An art gallery, historic landmark, and home of the NVFAA, the Athenaeum is located at 201 Prince Street, Alexandria, VA 22314 (703.548.0035).

 

 

 

 

THE REAL DEAL: Chapel Hill Architect Contributes Two Extremely Green, Thoroughly Modern Houses to 2019 Spring Green Home Tour

Arielle Condoret Schechter, AIA, is quick to credit her clients with allowing her to pursue her passions for environmental stewardship and modern architecture – passions that have once again secured spots for two of her projects on the 2019 Spring Green Home Tour April 27-29 and May 4-5 throughout Durham, Orange, and Chatham counties.

And again this year, Schechter’s houses will give participants a chance to tour the real deal: modern, ultra-energy-conserving, high-performance houses that rest lightly on the land and will produce all or almost all of the energy they need without depleting any natural resources.

“Because my clients are dedicated to sustainable design and construction,” Schechter said, “and because they’re such fans of modern design, they have been such an inspiration as they’ve allowed me to design houses for them that are Net Zero/Net Positive or very close to it. That, along with getting to design modern homes that fulfill my clients’ unique needs and dreams and enhance their lives — it’s an amazing feeling.”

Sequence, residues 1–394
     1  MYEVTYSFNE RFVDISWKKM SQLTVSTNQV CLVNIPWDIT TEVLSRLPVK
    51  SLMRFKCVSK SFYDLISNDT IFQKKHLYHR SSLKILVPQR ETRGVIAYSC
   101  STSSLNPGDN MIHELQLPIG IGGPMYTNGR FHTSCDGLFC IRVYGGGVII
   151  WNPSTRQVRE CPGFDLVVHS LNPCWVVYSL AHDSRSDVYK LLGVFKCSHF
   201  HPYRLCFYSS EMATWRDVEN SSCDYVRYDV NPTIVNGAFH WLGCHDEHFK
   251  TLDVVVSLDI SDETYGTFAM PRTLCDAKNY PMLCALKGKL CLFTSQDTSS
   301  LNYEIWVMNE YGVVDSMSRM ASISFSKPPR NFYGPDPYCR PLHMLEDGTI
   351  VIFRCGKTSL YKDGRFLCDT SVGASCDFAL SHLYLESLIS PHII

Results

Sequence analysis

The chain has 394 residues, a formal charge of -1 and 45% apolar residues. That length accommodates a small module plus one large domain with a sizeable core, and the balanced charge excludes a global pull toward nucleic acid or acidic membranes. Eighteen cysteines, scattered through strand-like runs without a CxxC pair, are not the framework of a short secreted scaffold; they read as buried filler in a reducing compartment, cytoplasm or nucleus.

Both of Schechter’s houses on this year’s tour are nestled in verdant settings deep in the forests of Orange County.

Modern Green Cabin

5909 Running Green Road, Chapel Hill

Modern CabinWhen “rustic” combines with “modern” and “green,” the result is the Gouchoe-Hanas cabin, a Net Zero Passive house Schechter designed for a couple moving to North Carolina from San Francisco with two grown children who will visit often.

Among the many features that will fulfill its Net Zero function, this modern cabin features a roof-mounted photovoltaic array and battery storage, radiant heated concrete slab floors on the main level, EuroStar Fenestration windows and doors, and deep sheltering roof overhangs plus suspended sun shades to screen out the high summer sun.

Schechter designed a variety of spaces inside the house to provide for different moods and types of gatherings. The lofty living/dining space on the main floor connects visually and socially to the upper bedrooms via a balcony overlook. Each guest room includes a private balcony. The kitchen is also connected to the main space but tucked away under the second floor. And in the kitchen, Schechter specified bright red tiles “to give warmth and joyful energy to the kitchen, making it pleasant for both cooking and gathering.”

The living/dining space, master bedroom, and office/study all have large, south-facing windows to welcome an abundance of natural light and to provide panoramic views of the natural setting.